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Well, I just went for a short test ride with the chain on the outer chainring. Everything worked but since the chainline is really far off, there is some noise. I'm sure it will wear the parts down faster, but I don't see why that would be a big deal since these are trash parts and I'm planning to correct the chainline with new parts.

How far can your chainline be off before you start to run into trouble?

If I can get my hands on a grinder, I think I'll go with kemmer's suggestion and make the outer ring into a chainguard. That'll look good and get my chainline straighter.
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Old 05-07-07, 01:24 PM   #7
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Quote:
Originally Posted by KonradNYC
Well, I just went for a short test ride with the chain on the outer chainring. Everything worked but since the chainline is really far off, there is some noise. I'm sure it will wear the parts down faster, but I don't see why that would be a big deal since these are trash parts and I'm planning to correct the chainline with new parts.

How far can your chainline be off before you start to run into trouble?

If I can get my hands on a grinder, I think I'll go with kemmer's suggestion and make the outer ring into a chainguard. That'll look good and get my chainline straighter.
Harbor Freight has grinders for like 6 bucks or something silly like that. You could probably get a cheap one elsewhere if you don't have a Harbor Freight near by. It's a VERY handy tool to have, you might be glad to have it when you want to remove those cottered cranks.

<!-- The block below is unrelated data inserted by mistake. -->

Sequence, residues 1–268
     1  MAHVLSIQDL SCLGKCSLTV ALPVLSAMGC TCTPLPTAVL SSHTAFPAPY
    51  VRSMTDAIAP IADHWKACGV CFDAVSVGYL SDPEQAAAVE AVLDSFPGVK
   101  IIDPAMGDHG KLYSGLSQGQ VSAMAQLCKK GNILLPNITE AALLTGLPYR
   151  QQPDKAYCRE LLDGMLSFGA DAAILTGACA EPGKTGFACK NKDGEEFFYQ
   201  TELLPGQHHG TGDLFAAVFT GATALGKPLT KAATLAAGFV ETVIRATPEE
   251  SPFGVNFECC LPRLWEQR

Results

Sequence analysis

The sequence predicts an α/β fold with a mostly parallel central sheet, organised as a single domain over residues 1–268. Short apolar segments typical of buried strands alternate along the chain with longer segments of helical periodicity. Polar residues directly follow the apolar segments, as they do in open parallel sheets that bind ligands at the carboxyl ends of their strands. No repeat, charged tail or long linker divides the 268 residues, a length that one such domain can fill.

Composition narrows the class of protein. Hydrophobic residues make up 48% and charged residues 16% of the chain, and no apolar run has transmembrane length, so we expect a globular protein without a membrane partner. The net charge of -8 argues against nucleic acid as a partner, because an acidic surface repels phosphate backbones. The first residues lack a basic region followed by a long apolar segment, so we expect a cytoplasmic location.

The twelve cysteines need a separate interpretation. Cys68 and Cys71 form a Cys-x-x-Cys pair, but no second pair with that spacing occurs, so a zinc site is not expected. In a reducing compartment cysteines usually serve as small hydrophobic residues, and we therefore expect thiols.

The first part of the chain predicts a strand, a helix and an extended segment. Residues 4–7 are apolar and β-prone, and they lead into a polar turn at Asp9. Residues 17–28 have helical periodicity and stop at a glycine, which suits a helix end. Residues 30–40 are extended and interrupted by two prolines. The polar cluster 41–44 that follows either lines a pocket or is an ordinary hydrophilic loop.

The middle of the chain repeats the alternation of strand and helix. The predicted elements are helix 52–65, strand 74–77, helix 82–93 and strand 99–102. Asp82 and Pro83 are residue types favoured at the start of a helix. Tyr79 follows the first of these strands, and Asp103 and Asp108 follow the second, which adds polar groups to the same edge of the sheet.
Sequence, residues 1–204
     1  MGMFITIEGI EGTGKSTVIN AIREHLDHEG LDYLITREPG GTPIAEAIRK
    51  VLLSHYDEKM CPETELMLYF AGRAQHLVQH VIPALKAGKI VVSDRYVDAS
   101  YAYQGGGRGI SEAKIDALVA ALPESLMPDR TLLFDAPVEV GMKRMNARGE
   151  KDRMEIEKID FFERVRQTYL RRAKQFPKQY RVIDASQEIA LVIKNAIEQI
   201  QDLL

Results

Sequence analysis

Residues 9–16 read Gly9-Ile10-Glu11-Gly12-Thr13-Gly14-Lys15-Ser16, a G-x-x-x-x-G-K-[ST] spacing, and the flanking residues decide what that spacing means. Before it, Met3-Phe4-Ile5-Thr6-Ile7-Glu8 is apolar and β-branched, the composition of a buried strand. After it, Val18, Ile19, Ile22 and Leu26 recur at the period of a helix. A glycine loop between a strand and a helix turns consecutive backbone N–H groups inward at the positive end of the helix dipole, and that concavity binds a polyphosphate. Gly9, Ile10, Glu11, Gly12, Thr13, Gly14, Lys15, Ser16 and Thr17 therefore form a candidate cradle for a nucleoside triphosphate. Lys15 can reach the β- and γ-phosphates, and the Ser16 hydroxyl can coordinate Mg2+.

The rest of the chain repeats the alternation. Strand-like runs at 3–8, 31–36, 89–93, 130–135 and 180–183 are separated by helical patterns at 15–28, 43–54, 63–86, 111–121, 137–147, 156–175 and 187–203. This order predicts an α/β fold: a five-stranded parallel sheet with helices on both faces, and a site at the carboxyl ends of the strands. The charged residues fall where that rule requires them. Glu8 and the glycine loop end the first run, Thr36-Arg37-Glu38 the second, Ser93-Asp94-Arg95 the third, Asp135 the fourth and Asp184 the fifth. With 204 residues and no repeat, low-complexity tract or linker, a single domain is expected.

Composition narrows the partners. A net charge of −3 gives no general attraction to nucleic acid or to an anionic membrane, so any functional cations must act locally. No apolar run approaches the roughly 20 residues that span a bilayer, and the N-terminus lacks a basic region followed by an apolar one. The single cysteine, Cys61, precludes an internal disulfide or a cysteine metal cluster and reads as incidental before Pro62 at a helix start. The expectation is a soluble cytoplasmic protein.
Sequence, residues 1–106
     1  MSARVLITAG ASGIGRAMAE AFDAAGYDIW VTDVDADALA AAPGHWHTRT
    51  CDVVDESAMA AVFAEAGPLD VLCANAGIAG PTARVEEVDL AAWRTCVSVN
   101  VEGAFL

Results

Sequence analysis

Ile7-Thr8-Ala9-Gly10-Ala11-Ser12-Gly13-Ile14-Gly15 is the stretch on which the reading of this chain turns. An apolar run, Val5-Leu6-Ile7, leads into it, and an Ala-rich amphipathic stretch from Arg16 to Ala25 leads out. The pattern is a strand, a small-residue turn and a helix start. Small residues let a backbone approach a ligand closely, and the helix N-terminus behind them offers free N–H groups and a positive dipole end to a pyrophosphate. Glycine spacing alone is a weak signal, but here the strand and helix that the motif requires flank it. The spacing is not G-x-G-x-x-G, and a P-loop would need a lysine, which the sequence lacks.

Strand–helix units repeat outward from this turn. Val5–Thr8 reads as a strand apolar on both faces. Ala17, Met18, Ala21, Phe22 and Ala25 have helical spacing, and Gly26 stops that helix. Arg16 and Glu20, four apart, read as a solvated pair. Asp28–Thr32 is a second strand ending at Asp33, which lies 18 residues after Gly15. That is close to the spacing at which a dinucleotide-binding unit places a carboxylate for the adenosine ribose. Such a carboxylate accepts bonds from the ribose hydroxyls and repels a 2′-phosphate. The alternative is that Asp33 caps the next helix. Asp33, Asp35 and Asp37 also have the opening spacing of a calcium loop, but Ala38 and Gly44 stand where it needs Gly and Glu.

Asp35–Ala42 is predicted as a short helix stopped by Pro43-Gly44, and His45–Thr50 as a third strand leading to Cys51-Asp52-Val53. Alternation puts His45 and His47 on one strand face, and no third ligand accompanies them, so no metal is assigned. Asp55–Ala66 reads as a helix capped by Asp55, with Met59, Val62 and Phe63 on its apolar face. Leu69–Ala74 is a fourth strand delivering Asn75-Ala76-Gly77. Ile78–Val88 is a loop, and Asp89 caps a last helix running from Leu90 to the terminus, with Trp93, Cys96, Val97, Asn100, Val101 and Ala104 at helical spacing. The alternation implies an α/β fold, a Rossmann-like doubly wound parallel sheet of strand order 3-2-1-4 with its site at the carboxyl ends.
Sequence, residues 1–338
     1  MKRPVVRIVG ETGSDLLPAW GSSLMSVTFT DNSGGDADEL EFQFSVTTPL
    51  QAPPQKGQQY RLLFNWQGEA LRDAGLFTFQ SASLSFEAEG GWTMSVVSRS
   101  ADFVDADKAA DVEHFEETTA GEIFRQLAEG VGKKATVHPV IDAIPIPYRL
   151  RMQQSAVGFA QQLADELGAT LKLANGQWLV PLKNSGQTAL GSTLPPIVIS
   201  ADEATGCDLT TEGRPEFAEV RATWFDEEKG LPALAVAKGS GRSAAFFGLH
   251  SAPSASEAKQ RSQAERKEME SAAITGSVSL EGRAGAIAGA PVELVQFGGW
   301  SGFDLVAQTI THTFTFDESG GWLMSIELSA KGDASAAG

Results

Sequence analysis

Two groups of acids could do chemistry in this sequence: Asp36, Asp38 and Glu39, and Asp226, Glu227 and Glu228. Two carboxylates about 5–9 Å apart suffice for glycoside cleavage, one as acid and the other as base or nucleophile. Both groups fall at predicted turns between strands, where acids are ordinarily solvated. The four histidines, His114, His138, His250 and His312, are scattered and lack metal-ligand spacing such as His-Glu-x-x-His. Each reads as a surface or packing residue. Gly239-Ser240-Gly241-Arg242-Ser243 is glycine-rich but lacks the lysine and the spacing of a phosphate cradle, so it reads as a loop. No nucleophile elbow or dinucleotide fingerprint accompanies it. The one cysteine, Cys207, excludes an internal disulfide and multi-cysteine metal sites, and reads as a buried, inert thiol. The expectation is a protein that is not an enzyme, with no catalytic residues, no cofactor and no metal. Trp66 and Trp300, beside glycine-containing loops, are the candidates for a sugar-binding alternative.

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Old 05-07-07, 03:11 PM   #8
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Quote:
Originally Posted by KonradNYC
If I can get my hands on a grinder, I think I'll go with kemmer's suggestion and make the outer ring into a chainguard. That'll look good and get my chainline straighter.

how would that fix your chainline?
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Old 05-07-07, 03:24 PM   #9
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Originally Posted by soyboy
how would that fix your chainline?
It will make my chainline straighter because it will mean I am using the inner chainring, not the outer one. The outer chainring would throw my chainline WAY off and since I can't remove it, the best option is to turn it into a chainguard. The inner ring will still be a little bit off, but a hell of a lot straighter.
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Old 05-07-07, 03:33 PM   #10
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but yyour using the inner chain ring now and you said it was off, i guess i'm just confused about something, enjoy your bike
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Old 05-07-07, 03:42 PM   #11
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Let me clear up the confusion...
I would prefer to use the outer chainring. Even though I posted a picture using the inner ring, I switched to the outer ring just to test it out. Now that I've decided to grind the outer ring into a chain guard and run it on the inner ring, it will improve my chainline compared to using the outer ring. Sorry for making everything so confusing.

End result: I'll use the inner ring and my chainline will still be off by 4mm. That's better than my other option, and I can live with that. I'll straighten it out for good when I eventually swap the BB.

Everyone, thanks for all of the suggestions...I've got my solution now.